… population of younger adults with lung cancer. Yet as science begins to … co-leads the Genomics of Young Lung Cancer Study, which was organised and … oil company executive who survived lung cancer in her 50s. Bonnie Addario … defied expectations by surviving the lung cancer that was discovered seven years …

How an orgasm a day can slash a man's cancer risk: Regular sex lowers the 'chance of prostate tumors by 20%'

… THEIR RISK OF PROSTATE CANCER ' To protect against prostate cancer, take a lover … of getting the most aggressive tumours by 19 per cent. Celibacy … to the World Cancer Research Fund International. Pictured are prostate cancer cells under …

5 Ways To Be A Climate-Friendly Eater In 2016

If you're one of the 25 percent of Americans who's extremely worried about the threat of climate change but not sure how to lower your own carbon footprint, consider starting with your diet this new year.

The type of food you buy and eat doesn't just affect your health; it also shapes a global food system that's responsible for more than one-third of global greenhouse gas emissions. For instance, animal products have a higher carbon footprint because of the methane some animals produce, the inefficiencies of growing livestock feed and the vast amounts of land needed to raise animals. The world's livestock industry emits more greenhouse gases than all cars, planes, trains and ships combined, according to United Nations University.

Here are five New Year's Resolutions you can make to reduce your own demand for food that has a negative impact on the environment -- thus becoming part of the solution to the Earth's rising temperatures. 

1. Become a climatarian

A climatarian is someone who eats with climate change in mind, generally by cutting out food whose cultivation contributes to global warming. Here's how The New York Times defined the term in its list of new food words from 2015:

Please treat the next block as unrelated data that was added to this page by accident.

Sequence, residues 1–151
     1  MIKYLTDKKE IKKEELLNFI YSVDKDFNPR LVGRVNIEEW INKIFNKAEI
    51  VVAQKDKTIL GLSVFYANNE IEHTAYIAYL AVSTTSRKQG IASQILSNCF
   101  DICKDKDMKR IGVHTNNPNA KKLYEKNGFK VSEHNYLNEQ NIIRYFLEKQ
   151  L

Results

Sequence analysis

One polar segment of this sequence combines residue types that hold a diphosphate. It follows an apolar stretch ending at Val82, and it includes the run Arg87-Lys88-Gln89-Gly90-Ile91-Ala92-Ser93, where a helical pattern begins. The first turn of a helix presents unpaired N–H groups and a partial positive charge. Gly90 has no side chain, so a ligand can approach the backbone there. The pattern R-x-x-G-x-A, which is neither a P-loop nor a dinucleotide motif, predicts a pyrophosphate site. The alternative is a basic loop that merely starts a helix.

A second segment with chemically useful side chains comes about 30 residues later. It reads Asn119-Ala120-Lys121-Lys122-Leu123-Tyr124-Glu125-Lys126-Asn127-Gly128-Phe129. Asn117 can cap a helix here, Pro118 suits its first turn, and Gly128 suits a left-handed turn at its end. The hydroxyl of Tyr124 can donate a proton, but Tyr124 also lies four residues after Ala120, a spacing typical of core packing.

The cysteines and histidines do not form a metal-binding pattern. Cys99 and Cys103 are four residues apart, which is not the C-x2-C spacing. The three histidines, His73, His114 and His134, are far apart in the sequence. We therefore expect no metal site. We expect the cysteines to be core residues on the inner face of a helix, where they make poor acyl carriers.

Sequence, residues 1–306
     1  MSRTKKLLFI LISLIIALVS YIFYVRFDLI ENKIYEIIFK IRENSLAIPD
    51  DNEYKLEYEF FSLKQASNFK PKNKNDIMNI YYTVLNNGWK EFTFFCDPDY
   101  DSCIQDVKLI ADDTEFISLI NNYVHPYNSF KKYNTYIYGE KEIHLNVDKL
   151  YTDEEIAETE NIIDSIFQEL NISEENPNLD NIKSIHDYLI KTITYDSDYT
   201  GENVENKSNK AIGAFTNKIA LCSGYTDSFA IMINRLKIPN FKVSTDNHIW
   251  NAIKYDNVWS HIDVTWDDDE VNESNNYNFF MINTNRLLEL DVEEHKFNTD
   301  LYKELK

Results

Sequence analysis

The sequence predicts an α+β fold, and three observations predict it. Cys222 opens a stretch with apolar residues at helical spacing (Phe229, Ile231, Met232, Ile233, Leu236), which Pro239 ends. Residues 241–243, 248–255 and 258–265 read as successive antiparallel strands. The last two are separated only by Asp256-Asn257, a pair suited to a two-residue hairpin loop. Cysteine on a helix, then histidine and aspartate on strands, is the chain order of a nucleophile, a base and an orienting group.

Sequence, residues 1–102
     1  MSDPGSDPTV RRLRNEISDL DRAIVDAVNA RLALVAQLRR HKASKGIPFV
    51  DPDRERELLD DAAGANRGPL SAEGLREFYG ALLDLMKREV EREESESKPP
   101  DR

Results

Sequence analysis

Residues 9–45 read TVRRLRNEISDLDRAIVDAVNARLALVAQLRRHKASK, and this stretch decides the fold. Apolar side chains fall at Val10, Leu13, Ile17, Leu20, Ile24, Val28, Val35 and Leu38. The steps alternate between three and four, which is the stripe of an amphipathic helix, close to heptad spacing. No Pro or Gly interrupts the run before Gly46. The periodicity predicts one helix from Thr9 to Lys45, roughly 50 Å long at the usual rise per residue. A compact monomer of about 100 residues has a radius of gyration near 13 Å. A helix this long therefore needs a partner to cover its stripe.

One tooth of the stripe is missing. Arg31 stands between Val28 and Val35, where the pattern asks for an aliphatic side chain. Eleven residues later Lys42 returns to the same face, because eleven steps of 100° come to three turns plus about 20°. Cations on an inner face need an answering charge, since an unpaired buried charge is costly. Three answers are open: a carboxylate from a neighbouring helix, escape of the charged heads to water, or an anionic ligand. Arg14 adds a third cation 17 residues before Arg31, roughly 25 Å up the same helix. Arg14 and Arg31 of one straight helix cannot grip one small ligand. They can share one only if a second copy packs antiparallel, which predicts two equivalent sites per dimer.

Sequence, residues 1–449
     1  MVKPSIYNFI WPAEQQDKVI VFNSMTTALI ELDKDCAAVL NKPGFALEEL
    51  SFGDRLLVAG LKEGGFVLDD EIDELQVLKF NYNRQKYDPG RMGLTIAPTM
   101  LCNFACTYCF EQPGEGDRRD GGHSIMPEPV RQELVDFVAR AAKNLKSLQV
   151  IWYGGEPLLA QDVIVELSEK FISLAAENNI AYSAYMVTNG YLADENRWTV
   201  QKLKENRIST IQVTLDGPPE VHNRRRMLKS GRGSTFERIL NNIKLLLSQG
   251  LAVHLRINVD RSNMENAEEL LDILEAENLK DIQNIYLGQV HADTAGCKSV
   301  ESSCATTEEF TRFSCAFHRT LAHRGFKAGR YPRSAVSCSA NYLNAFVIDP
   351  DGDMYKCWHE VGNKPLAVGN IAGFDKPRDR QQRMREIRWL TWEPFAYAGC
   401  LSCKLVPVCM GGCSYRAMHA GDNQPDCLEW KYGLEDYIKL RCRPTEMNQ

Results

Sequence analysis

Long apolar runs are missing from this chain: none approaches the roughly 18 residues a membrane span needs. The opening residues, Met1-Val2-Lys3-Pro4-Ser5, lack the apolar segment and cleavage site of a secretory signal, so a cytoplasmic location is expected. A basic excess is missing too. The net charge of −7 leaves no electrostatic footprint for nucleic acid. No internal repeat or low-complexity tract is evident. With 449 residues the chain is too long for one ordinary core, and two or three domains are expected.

CLIMATARIAN (n.) A diet whose primary goal is to reverse climate change. This includes eating locally produced food (to reduce energy spent in transportation), choosing pork and poultry instead of beef and lamb (to limit gas emissions), and using every part of ingredients (apple cores, cheese rinds, etc.) to limit food waste.

Climates, a climate-focused social network that's credited with bringing the term into prominence, identifies climatarians more specifically, defining them as "meat eaters who don’t eat ruminant meat - beef, sheep, goat and deer." Ruminant animals are identified by their unique four-compartment digestive tract, which through an anaerobic fermentation process emits startling amounts of methane and nitrous oxide. To put it less elegantly, these animals are farting and burping out destructive greenhouse gases.

"While we all need to eat less meat, you don’t have to give up meat entirely and you can still enjoy pig meat, poultry and fish for an easy mixed diet," Climates explains in its guide to being a climatarian. 

2. Become a reducetarian

Think of being a reducetarian as the "make-your-own-rules" version of climatarianism. The focus is on eating less meat, whether by cutting it out entirely or establishing your own limits. The term was first coined by Brian Kateman, who realized that uniting climate-minded eaters and hardcore vegetarians could inspire a bigger movement. He gave a TEDx talk on his idea last year: 

"The most effective question we can ask is not how can we increase the amount of vegetarians and vegans, but rather, how can we reduce the amount of meat consumed?" Kateman told The Huffington Post in March. "Part of the problem with the vegan and vegetarian messaging is that it resonates with many people as an all-or-nothing commitment, that the only way to contribute to the environmental, animal welfare and health movement is to completely eliminate meat from a diet."